Dawn in the Anthropocene — The Evolution of Data 

We are currently witnessing the earliest days of humanity’s next chapter.

Our society is evolving into a data-driven civilization, its contours just now emerging. 

Understanding the significance of this point in history is both illuminating and revealing, and it’s been on my mind quite a bit as we head into 2022.

What follows is a four-part exploration into the evolution of data, which — much like human evolution — begins with a “Cambrian explosion” and continues through the Anthropocene, the age of human dominance.  

We are now embarking on the “last mile” of data’s evolution. Our new digital ecosystem is fast evolving in complexity and diversity, but it remains primitive. It is characterized by hoarding, isolation, and fragmentation.

But not for long. Understanding — true “cognition” — is just around the corner.


The Nervous Systems and Brains of Data Are Here

The first known commercial data, records of animal sales and grain harvests, were recorded as cuneiform by the Sumerians in ancient Mesopotamia on clay tablets around 3000 BCE. Data became a true utility in the late 15th century with the invention in Florence of double-entry bookkeeping, which provided clarity that allowed commerce to flourish and ushered in the Renaissance.

The Battle of Waterloo in 1815 revealed an early example of what we today call “prescriptive data.” Word of Napoleon’s defeat was rushed back to London by secret carrier pigeon, allowing the House of Rothschild to use the exclusive, bird-borne data to make a killing on British government bonds.

Just 86 years ago, after the Social Security Act became law, Franklin D. Roosevelt’s administration created America’s first major data project to track the contribution of nearly three-million employers and 26 million Americans. The massive bookkeeping project to track and store the data with punch card reading machines was awarded to a young company called the International Business Machines Corporation, or “IBM.”

Fast-forward through some more familiar milestones: ARPANET in 1958; the COBOL data language two years later; the launch of Structured Query Language, or SQL, in 1979; the World Wide Web a decade later; the emergence of cloud computing in 2006…

And now, according to author Kevin Kelly, founding editor of Wired, data is the cellular structure of an emerging “planetary superorganism.


Data’s Cambrian Explosion

This blog post will be just one of seven million posted today. Also today, Google will log 5.6 billion searches. By the end of this year, more than 46-billion devices will be connected to the internet of things, and we’re only in the early days of the soon-to-be-ubiquitous 5G cellular networks that will boost data rates by as much as 50 times. Meanwhile, more than 50 percent of corporate data is now stored in the cloud — really an “inter-cloud,” with a capacity of 470 exabytes linking the server farms of Amazon, Microsoft, and others.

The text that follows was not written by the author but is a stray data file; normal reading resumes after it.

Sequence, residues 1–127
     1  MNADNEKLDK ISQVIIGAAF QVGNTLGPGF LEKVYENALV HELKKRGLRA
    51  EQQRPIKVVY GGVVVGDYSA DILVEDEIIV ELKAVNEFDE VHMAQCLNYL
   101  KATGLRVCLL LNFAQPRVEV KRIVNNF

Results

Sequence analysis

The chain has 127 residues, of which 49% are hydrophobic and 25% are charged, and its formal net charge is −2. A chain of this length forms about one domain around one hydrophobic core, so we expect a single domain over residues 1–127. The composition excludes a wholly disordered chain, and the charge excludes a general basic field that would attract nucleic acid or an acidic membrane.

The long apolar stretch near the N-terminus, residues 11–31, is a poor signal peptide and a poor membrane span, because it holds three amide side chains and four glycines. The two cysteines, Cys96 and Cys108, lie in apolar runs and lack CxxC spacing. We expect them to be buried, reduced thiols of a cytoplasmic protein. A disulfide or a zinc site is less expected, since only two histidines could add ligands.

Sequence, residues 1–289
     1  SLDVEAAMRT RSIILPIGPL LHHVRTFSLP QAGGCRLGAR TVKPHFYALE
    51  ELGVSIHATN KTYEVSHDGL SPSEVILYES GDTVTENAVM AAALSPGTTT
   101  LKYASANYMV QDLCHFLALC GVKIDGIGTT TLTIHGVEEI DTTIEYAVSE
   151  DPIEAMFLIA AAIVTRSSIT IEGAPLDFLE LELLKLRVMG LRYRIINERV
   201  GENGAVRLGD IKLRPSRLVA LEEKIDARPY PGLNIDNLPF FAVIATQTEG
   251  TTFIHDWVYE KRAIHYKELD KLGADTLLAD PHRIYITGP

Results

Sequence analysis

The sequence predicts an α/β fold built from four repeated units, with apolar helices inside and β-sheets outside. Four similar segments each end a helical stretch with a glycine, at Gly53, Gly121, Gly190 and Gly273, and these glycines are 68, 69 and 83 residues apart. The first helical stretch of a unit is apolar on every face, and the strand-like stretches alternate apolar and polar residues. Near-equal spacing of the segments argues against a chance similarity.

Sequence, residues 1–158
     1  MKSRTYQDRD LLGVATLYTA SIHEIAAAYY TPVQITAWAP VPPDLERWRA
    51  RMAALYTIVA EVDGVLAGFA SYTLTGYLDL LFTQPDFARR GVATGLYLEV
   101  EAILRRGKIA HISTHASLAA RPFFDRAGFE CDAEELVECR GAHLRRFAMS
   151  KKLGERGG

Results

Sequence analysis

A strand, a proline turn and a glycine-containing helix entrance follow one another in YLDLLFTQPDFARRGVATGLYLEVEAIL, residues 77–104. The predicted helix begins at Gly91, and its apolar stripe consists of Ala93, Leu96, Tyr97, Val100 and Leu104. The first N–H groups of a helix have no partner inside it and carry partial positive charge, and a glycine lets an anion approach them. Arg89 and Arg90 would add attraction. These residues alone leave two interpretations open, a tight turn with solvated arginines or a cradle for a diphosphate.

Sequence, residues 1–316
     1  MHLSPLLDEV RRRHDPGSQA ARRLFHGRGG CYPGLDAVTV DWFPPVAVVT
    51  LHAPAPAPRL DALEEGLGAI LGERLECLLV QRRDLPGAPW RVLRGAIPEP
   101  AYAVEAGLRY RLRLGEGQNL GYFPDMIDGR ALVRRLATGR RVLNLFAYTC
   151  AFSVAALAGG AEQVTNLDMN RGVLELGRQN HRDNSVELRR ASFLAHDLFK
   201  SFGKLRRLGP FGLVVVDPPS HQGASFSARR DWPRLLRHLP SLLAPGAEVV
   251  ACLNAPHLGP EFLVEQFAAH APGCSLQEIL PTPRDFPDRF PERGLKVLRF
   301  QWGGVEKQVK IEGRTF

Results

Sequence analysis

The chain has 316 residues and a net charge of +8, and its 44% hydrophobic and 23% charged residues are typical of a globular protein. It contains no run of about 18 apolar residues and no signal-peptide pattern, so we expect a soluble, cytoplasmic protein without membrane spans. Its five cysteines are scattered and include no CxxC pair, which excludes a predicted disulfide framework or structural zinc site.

How much is an exabyte? It’s a sum that defies easy comprehension. There were five exabytes of information created between the dawn of civilization through 2003, noted former-Google CEO Eric Schmidt, “…but that much information is now created every two days, and the pace is increasing.”

Another way to think about this is that we’re at the data version of a Cambrian explosion, that extended moment roughly 540 million years ago when complex, multicellular organisms first began to appear. 

Life itself is actually much older, by at least three-billion years. But before this rapid period of evolution, most organisms were relatively simple, composed of individual cells, or tiny multicellular organisms. And all of them lacked a nervous system.

My point here is that if we can date the origin of data to the Sumerians more than 5,000 years ago, we can equate the past two decades of our data evolution to the Cambrian explosion. And the more data we produce and capture, the more data we create in the form of metadata, or data about data. 


The Future of Data Interconnectivity — Collaborative Cognition

Our unicellular, protozoan databases have evolved into a kind of multicellular, metazoan means of data storage. But this ecosystem, though fast evolving in complexity and diversity, is still primitive and disconnected. It is characterized by hoarding, isolation, and fragmentation.

Our much vaunted realm of data, the “metaverse” as it were, still lacks a nervous system. And equally important, it lacks a brain.

But at data.world, we’re working on that. The nervous system and brain of data does in fact exist today. We call the nervous system the “data catalog” and the brain the “knowledge graph.” So I’ll twist that famous aphorism about the future from one of my favorite science fiction authors, William Gibson:

The nervous systems and brains of data are here. They are just not evenly distributed.

I’ll explain just how we solve that problem in my next blog on corporate and collaborative cognition.